Okay, sports fans! Time to consolidate those thoughts and findings into something workable.
The new Clip Zip adds some very nice features to the Clip family. Based upon the Clip Plus, we now have a new color display and redesigned user interface, in addition to a handy micro SD port.
Having used the Clip for several years, it’s hard to find anything that comes close in terms of sound quality, ease of use, and size. Now there’s a breath of fresh air with the latest redesign, a cool display to add visual album art to the experience. Rather than simply borrowing from the e200 and Fuze graphic interface, the Clip Zip has a sharp one-inch color display with a new look borrowed from the Fuze+ graphics.
Menus and settings are easy to locate, found in a new arrangement that’s straightforward and easily learned, together with individual color schemes for each mode. I was worried that the device might lag with the new display, but it’s smooth and fast, just like its sister player. The Clip Zip shares the same processor platform as the Plus.
For subscribers to the Rhapsody music service, integration is flawless as with previous Sansas. New for the Clip Zip is a separate main menu location for Rhapsody, a nice touch, compared against the Fuze+ interface. On the Fuze+, the service is “hidden” a bit, located under Music- it’s nice to access the Rhapsody Channels directly from the main menu. Also added to the Channels and individual tracks is the song rating display. I’d like to see this display added to all music tracks (ratings are found via the sub-menu on tracks imported from Windows Media Player).
There are several new surprising additions, like AAC support, allowing users to play DRM-free iTunes music without having to convert to MP3, a welcome feature. Just as with the Clip+, Rhapsody subscription content and Audible books means the little Clip Zip will always remain within arm’s reach, it’s amazing to have so much bundled in a device smaller than a match box.
The new device is just slightly taller and wider than the Clip+, by a few millimeters overall, but it has a completely new look, a cool 50s style retro feel that looks really sharp. The familiar display has essentially doubled in area, with nice legible fonts, a handy clock display like the bigger Sansas, and a new control button that occupies the entire lower face, much easier to control with the fingers than the earlier design.
The face of the Clip Zip, in a nutshell, looks much classier than the earlier spartan, basic Clip face, it’s an interesting blend of “old school” style with a modern device. Locating the controls is very easy, and it’s possible to make adjustments or changes completely by feel. There are several nice refinements, beginning with the top power button, which is larger, centered on the top of the Clip, and an improved volume button rocker, easier to operate than the Plus. The controls have a very solid, smooth feel. I didn’t care for the feel of the earlier volume rocker, it was small, and had a vague feel. The new control is much better. The USB connector has been upgraded from the mini type to the latest micro connector, a solid fitting design.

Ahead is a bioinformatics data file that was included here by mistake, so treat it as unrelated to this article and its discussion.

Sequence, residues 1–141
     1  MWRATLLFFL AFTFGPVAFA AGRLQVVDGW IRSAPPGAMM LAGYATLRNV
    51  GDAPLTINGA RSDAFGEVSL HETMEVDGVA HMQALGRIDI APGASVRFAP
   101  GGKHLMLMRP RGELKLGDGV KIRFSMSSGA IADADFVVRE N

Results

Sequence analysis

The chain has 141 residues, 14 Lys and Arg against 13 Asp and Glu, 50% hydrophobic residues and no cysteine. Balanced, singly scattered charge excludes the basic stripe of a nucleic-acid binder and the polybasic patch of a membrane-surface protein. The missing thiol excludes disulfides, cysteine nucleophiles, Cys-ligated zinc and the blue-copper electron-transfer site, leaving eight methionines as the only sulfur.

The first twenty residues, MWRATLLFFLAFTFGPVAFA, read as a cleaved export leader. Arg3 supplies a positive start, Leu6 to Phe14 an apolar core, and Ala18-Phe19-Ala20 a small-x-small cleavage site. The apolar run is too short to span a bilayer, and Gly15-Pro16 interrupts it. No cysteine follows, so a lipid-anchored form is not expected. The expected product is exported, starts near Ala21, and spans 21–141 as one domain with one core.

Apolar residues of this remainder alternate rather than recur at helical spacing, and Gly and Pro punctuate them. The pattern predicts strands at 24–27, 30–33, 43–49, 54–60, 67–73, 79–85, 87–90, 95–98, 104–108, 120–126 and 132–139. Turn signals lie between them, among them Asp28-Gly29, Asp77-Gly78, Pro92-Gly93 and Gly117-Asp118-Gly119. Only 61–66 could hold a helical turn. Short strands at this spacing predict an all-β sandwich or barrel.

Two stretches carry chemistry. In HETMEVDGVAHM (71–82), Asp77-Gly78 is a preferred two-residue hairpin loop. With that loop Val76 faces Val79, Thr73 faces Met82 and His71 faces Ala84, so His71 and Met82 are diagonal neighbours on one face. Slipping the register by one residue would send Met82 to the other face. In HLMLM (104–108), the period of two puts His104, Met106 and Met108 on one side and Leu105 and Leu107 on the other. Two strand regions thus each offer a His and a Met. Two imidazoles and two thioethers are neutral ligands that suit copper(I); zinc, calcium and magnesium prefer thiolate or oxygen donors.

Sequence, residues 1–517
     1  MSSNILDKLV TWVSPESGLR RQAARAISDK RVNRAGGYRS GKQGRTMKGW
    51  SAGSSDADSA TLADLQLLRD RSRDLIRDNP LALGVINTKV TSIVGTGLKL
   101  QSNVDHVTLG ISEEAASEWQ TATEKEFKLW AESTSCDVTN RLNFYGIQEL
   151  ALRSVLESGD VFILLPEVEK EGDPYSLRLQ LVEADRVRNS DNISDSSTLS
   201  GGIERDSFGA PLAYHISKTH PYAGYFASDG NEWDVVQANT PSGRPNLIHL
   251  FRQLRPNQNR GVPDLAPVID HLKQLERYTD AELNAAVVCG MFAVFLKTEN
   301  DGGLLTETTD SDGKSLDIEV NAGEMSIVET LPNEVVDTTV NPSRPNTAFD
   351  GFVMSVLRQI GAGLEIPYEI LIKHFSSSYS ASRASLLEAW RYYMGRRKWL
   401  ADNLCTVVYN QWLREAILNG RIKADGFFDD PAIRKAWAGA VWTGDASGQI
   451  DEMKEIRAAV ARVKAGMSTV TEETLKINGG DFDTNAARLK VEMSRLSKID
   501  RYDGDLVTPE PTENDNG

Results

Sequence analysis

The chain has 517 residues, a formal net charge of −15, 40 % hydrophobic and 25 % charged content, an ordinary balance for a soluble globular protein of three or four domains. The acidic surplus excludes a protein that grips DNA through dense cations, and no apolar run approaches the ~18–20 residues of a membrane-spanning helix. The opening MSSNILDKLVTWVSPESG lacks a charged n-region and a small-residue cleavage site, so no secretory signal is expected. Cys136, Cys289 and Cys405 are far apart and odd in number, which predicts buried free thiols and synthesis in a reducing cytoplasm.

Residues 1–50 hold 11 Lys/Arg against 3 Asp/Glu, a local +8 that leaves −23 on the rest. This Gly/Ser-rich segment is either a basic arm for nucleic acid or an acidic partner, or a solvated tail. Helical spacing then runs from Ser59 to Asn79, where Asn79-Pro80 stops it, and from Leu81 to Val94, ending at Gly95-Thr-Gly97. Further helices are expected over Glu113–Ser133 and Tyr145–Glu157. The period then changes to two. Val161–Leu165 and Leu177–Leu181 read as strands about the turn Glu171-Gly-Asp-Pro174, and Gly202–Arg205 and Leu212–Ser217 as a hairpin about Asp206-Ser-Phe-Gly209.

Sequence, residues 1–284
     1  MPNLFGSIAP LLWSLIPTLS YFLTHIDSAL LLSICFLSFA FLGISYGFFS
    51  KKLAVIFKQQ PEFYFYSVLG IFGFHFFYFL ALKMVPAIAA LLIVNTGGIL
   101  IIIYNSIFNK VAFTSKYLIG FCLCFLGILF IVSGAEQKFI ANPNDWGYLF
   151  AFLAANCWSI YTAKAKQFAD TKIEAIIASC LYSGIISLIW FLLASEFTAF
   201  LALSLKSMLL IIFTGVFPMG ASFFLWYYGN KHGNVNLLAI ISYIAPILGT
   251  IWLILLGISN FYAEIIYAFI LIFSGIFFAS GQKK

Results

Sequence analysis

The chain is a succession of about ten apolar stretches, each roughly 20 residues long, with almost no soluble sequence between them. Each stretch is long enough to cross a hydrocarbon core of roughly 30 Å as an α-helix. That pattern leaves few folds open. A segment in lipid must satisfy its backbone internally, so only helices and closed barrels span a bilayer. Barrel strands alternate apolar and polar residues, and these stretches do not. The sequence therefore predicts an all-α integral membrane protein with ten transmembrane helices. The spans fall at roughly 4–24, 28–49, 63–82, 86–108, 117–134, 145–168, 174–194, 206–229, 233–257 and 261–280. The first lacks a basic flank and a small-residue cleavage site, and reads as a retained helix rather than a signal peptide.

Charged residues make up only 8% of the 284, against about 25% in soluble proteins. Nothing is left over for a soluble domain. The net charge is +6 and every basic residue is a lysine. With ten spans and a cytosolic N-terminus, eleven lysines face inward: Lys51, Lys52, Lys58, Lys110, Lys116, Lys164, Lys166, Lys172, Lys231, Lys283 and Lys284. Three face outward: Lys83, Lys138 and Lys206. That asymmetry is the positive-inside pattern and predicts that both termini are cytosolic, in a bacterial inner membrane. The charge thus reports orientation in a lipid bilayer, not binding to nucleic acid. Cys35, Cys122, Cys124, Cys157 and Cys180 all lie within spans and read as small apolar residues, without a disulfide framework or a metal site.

In addition to a handy user clock, the Clip Zip has a unique stopwatch function, oddly named “sport” in the main menu. After using the stopwatch for a bit, the name fits. Split individual times are displayed in a progressive menu display, quite unique. Times are saved in individual files, making the Clip Zip quite handy for training.
The FM radio has also been upgraded, featuring RDS support , so you can see the name of the station and song titles, when available on the air. It’s great to catch the actual title of some new music, and you can even record a sample for later if desired.
There are some things I would change a little, like the status display, the top yellow line on the Clip / Clip+. The battery icon is a little subtle, I’d make its color a little brighter, something with a little more contrast, and the time display could be in a bolder font. I was worried that things would get a little confusing, and “busy” with a color display, but the Clip Zip is a pleasant surprise. Using it together with its sister player, I warmed up to the new Clip Zip in a hurry. It’s great to see album art on such a compact device.
Speaking of album art, when searching albums, a little thumbnail view would be nice, it’s addictive to have the visual cues when seaarching through your music collection. Speaking of cues, there’s a cool alphabet icon that pops up to help find your music when scanning alphabetically, a really welcome touch. Overall, the Clip Zip is a breath of fresh air for the Clip family of players, one I’m sure you’ll like as much as I do.